NFL Combine
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INDIANAPOLIS -- With the broadest of smiles and friendliest of handshakes, Laiatu Latu remains committedly oblivious to why he's one of the best stories at this combine -- and maybe the most confounding.

Latu is not supposed to be playing football. After hurting his neck in a preseason workout three-and-a-half years ago, he had neck fusion surgery. The University of Washington medical staff refused to medically clear him and advised him, he said, to consider himself "retired."

A year later, he asked the esteemed neck surgeon Dr. Robert Watkins to run him through every test he could and Watkins -- who performed Peyton Manning's neck fusion -- said he could indeed clear him to return to a football field. A year later, Latu transferred to UCLA, and two monster seasons later, the All-American is the reigning winner of the Lombardi and Hendricks awards. And yet, he's not the unequivocally most coveted pass rusher in this draft.

Because of that whole amorphous, indefinable risk thing.

"There's risk for anyone playing football," Latu said, with a shrug. "Really, there's risk for anything in life."

Latu is long, he's rangy, he's an incredibly polished technician and he ran a very strong 4.64 40 Thursday night. In talking to both personnel and coaches around Indianapolis, there is uniform agreement Latu has all the traits of an elite pass rusher. He is medically cleared to play football and he said teams this week haven't actually asked too many questions about his neck.

And yet, one general manager who has spoken to Latu and who immediately called him "a great kid," said there's medically cleared and there's every individual team's own medical staff's risk assessment. And the risk, in this case, being less about something catastrophic happening (which Latu again said could happen to anyone), and more about durability.

Asking their doctors to guess at a player's longevity is standard for general managers: how long will an operated-on shoulder last? How long will a repaired knee hold up? It's a subjective exercise, without ever any definitive answer.

One front office executive said what gives him pause is that whether Latu is a 3-4 outside linebacker or a 4-3 defensive end (he can absolutely be either), he will experience at a minimum contact, and at a maximum collision, on every play. This isn't a cornerback who is outside a constant zone of combat.

But another front office executive pointed out that any uncertainty about longevity may matter less to a staff that may think it only has one more year to win. And Latu, the executive said, "is plug in and play Day One."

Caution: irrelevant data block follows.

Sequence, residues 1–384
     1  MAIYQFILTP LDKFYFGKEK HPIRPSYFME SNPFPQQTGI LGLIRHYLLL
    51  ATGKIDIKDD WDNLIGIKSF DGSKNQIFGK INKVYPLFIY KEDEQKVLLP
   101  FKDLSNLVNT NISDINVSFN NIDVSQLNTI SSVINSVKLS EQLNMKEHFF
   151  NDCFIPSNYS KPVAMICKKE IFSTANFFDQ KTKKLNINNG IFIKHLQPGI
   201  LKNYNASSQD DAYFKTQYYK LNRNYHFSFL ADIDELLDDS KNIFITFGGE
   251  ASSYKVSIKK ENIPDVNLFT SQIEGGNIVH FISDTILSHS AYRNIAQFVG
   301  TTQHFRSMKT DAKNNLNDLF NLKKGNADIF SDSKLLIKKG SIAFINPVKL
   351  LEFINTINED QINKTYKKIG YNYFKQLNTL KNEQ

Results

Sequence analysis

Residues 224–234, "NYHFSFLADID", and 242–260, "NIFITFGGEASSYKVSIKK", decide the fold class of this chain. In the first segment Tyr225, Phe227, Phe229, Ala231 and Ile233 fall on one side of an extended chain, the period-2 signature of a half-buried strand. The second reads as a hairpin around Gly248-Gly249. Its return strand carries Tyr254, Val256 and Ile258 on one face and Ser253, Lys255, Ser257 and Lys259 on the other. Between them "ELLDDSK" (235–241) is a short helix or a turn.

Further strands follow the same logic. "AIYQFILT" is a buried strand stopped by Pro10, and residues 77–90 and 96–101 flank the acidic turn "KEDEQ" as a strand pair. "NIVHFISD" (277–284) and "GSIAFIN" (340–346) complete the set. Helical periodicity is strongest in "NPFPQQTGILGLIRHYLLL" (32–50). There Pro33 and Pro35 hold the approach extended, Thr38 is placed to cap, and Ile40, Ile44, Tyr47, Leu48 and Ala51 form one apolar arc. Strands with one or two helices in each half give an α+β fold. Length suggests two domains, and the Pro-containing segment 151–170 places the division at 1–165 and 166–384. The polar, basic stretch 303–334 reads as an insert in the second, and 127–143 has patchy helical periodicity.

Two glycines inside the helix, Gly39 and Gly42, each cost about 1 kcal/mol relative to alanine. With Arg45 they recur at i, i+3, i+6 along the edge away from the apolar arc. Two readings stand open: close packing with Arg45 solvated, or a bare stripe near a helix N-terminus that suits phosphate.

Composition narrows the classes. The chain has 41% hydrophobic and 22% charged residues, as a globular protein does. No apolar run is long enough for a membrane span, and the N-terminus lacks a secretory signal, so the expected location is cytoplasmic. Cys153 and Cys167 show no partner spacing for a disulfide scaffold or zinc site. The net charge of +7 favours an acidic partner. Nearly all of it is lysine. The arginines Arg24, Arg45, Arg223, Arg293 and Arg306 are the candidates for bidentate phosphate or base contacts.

Ultimately, one thing that doesn't seem to carry any risk is Latu's demeanor. He waited that full year after Watkins cleared him to play to transfer because he felt a loyalty to the school he first signed with.

He rejected any inclination to wallow after he was told his football life was over. He started doing firefighter workouts, carrying 50 pound bags up stairs, and said the training was real, with genuine intent to be a firefighter. He said it was the team nature of the profession that so appealed to him: you have to work in a coordinated way and have implicit trust in your fellow firefighters, or someone could lose a life.

"That spoke volumes to me," he said.

He still practiced his rush moves and watched film of great edge rushers, because that, he said, was his passion.

And it's the passion, and the strength of character that multiple personnel people talked about with Latu too this week. The 23-year-old hopes that -- and that smile -- are ultimately what win the day.

Combine rumblings

Mike Tomlinisms, make way.

NFL fans know all about the Steelers head coach's trademark snappy sayings. Turns out, new Chargers coach Jim Harbaugh has a set to rival Tomlin's. And it's not just the familiar ones heard throughout his long coaching career. (Like, "Attack each day with an enthusiasm unknown to mankind.") New ones heard this week:

"If you don't want to be left out, help out." (This one, he said, he uses with his own children all the time: if you want to play catch w/ Dad, then help by doing the dishes or taking some other thing off Dad's plate.)

"Don't get bitter, get better."

"Life is short, run to the ball."

Cross country dinner trip: Browns head coach Kevin Stefanski is big on the value of building personal relationships. It's why he'll have his team back at the Greenbrier in West Virginia for part of training camp and why he and new offensive coordinator Ken Dorsey will fly to Los Angeles next week to see Deshaun Watson.

They are technically not allowed to talk football and Watson is still roughly a month from even using his surgically repaired shoulder to throw a football. But Stefanski said flying all that way to simply have dinner and, as he put it, "break bread," is still incredibly valuable.